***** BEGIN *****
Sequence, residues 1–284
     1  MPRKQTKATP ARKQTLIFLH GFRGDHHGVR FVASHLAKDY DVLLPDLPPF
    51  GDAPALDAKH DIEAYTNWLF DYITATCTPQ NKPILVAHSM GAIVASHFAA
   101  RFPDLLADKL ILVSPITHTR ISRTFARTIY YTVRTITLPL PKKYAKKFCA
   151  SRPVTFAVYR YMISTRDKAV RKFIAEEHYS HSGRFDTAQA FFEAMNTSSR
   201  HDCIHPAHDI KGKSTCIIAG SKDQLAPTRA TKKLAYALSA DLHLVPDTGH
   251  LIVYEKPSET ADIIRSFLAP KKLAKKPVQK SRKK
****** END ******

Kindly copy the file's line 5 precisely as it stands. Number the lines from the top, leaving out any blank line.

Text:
   151  SRPVTFAVYR YMISTRDKAV RKFIAEEHYS HSGRFDTAQA FFEAMNTSSR